The pair had the idea for the Think Food Bank project after noticing that most donation stations are placed, unhelpfully, by supermarkets’ exits – meaning many people only see them once their shop is done and paid for. To encourage shoppers to remember food banks while they’re still browsing the aisle, the two designers created a set of illustrated stickers that can be stealthily stuck around the store – each tailored to the colour scheme of a different supermarket brand.
Some offer a generic message encouraging people to add items to their weekly shop, while others are designed to go in specific parts of the supermarket – for example ‘don’t forgetti, donate spaghetti’.
“We want our stickers to be wherever a shopper might simply think to donate – it’s too easy for people to forget food banks until after they’ve checked out and it’s too late,” says Maisie Benson, who’s a senior designer at B&B Studio in London.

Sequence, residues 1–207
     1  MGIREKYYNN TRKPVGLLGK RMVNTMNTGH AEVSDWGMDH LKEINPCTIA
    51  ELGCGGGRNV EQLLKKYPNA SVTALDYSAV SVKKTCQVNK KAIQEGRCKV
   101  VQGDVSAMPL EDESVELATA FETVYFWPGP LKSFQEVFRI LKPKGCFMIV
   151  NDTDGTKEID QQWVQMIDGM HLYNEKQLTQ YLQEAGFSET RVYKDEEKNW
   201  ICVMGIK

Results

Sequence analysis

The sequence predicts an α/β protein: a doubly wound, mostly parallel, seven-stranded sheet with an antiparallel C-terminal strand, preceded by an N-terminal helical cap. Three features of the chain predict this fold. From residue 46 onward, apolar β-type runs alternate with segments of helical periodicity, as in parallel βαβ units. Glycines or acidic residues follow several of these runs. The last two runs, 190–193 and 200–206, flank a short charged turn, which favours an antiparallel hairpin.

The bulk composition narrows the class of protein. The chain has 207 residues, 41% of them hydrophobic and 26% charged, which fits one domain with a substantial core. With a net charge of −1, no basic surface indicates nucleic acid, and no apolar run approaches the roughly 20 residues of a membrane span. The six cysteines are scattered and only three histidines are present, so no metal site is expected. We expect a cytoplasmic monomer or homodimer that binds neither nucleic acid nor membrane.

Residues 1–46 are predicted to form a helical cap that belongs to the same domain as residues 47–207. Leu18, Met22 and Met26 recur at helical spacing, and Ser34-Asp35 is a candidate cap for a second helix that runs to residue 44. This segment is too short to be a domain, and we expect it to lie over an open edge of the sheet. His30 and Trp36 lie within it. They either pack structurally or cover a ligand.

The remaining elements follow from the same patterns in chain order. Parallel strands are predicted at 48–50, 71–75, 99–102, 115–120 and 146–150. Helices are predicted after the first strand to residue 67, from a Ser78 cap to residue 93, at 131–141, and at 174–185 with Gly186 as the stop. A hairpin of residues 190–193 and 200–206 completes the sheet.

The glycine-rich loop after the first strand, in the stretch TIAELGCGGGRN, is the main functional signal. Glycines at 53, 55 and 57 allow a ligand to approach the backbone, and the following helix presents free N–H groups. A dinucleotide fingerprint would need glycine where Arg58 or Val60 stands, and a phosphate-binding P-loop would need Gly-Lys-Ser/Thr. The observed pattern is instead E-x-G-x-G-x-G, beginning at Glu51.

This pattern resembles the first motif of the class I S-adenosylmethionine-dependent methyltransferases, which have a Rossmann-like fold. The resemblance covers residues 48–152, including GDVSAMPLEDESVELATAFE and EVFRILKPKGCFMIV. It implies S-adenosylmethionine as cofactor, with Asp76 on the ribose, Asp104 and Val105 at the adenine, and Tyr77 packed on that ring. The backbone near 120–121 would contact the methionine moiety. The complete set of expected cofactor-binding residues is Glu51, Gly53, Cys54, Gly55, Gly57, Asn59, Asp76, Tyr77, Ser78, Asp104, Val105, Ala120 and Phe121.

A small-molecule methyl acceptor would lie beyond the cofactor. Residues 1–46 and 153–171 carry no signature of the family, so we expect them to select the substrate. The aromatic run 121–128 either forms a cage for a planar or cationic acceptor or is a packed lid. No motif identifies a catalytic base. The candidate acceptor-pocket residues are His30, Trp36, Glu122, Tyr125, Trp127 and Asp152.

She met project partner Holly Kielty via Instagram, after they struck up a conversation about the current food bank crisis. In June 2020, charity the Trussell Trust reported that there had been an 89% increase in the need for emergency food parcels, and a more recent news story in the Guardian reported that one in five UK schools has set up a food bank during the Covid crisis.
“We were inspired by Marcus Rashford – he showed that every individual can make something truly positive happen,” says Kielty, a creative strategy director at Design Bridge. “Design has the power to do so much good and we just saw that there was a simple solution to a wider problem.”
The campaign is “guerrilla in style” as the pair describe it, but it’s hard to imagine any supermarket actively removing the stickers – 120 sets of which have been sent out, ready to find new homes in supermarkets across the UK.